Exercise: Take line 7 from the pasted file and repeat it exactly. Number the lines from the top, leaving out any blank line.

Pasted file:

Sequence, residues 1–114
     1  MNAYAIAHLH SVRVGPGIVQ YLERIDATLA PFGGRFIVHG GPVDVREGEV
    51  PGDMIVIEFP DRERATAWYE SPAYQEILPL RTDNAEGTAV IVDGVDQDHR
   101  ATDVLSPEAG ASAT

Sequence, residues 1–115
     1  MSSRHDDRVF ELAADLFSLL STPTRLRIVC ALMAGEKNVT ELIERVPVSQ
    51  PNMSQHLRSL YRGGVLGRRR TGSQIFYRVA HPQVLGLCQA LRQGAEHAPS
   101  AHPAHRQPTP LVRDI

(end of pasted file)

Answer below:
    51  PNMSQHLRSL YRGGVLGRRR TGSQIFYRVA HPQVLGLCQA LRQGAEHAPS